This is especially true for smaller companies, or big companies which get spunoff to smaller companies which are then acquired.
2—When a company makes a strategic change
If a stock has been depressed because investors perceive that the company is stuck to their old ways, or has historically been bad allocators of capital, then any change or signal of a change could cause the sentiment to change, which can do big things to the valuation. That’s classic value investing.
A company could have assets which were highly underutilized, or could have big piles of cash or marketable securities that they finally put to work which eventually create additional value for shareholders.
You could also see a company announce new initiatives for focusing the company’s efforts, such as the automakers and their newfound commitment to Electric Vehicles, or the oil majors who have talked about their new involvements in Green Energy.
Simple things like these can propel a stock to new valuation levels before the beneficial results of these decisions are reflected in the company’s true fundamentals at all.
3—When a company gets a great, new driver of growth
I’ve seen this personally in companies I’ve held such as Microsoft and American Eagle. In the case of Microsoft, it was the very first stock I ever purchased, which had been flat for over a decade (and I was blissfully unaware of).
At the time, Microsoft didn’t seem to have any avenues for future growth—that is, until their investments into the cloud (with Azure) took off and created a whole new world of opportunities for the company (check out their growth rate since 2017, truly astounding for a company of their size).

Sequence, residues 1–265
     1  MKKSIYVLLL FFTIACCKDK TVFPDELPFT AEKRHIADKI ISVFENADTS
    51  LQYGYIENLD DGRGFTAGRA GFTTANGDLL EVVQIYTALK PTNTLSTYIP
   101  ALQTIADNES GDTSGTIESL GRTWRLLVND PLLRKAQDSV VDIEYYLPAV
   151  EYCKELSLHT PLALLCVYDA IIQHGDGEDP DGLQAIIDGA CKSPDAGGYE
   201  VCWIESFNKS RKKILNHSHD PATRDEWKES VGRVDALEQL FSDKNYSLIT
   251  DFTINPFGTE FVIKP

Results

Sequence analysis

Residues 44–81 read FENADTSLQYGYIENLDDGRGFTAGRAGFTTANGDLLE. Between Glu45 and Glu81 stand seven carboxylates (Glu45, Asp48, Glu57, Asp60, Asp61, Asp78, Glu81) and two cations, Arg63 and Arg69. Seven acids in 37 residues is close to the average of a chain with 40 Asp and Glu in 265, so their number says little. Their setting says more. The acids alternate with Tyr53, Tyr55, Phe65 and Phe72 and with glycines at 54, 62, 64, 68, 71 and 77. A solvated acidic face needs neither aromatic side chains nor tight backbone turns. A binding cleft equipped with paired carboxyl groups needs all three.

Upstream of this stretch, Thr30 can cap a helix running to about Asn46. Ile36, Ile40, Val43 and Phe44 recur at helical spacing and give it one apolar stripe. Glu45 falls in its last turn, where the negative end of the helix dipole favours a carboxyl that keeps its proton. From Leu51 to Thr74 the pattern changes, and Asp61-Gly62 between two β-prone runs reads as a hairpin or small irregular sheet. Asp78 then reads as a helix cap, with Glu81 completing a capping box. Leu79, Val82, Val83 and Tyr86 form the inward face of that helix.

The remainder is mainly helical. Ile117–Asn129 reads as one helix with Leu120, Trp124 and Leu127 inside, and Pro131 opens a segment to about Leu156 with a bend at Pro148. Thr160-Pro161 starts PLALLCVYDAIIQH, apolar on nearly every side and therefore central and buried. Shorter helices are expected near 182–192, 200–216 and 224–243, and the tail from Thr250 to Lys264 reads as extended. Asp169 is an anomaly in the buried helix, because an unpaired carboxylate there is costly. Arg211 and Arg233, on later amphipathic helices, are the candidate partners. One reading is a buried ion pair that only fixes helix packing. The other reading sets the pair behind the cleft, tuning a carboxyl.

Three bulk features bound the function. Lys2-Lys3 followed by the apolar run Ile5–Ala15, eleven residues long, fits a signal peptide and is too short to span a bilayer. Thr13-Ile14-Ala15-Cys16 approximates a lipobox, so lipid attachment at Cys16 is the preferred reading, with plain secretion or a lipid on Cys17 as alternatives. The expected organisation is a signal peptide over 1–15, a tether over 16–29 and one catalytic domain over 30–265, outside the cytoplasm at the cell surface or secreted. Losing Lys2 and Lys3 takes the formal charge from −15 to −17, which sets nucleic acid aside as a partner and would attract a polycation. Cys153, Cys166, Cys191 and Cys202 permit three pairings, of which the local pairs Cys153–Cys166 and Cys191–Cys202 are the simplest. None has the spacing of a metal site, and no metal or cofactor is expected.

Once the company found new growth through Azure, and it eventually made its way into the financials through growth of revenues, and then Operating Income and Net Income, Wall Street came around to the fact that this was a new company and attached higher valuations to it, causing a massive rocketing higher in the price.
American Eagle was another example for me. Left for dead in a flat yoyo of peaks and valleys, the stock finally found some momentum after the pandemic from excitement around its developing Aerie brand.
Aerie was a growth driver for a little while, but it started out very small. After reaching a certain size Wall Street finally caught on, and it was a great investment for me to eventually sell on negative earnings, with my dividend reinvestments really multiplying the Total Return I received.
To summarize the catalysts, and maybe add a potential few:
- New strategic direction
- The “value unlocking” we’ve talked about already
- Recovery of the industry
- Changing secular factors
- Acquisition rumors or an acquisition
- Even, a spinoff leading to higher returns than the combined company could generate, especially if the spun off company gets valued like a growth stock.
The power of a dividend reinvestment plan is really the power of compound interest disguised. But its multiplicative effect is real.
As you apply this to your investing decisions (or not), think about how it aligns with your goals.
For example is calculating Total Return important to you? Or is calculating incremental improvements in portfolio return more important (in which case you won’t see multiplication in the results of the formula)?
Is having a nice looking Total Return figure more important to you? Or is having the highest possible compound interest more important?
While it’s true that selling a stock interrupts compound interest and its effect on your Total Return numbers, it doesn’t really interrupt compound interest if you fully reinvest it into the market.
And so locking in gain where you’ve outperformed the market doesn’t really “interrupt” compound interest, as long as the after-tax effect still shows outperformance.
(On the flip side, locking in a gain just because it’s outperforming can be painful especially if the stock you sold continues its strong momentum, and the company continues compounding capital. Just because you think you’re right doesn’t mean you’re right, and the uncertainty of the market can make holding better than selling+buying probably most of the time).
There’s really no perfect answer here.
But I hope I’ve given you additional thought into the power of the dividend reinvestment plan, and some of its various implications to Total Return.
Just remember—the longer the holding period the greater the multiplicative effect of DRIP… that’s compound interest.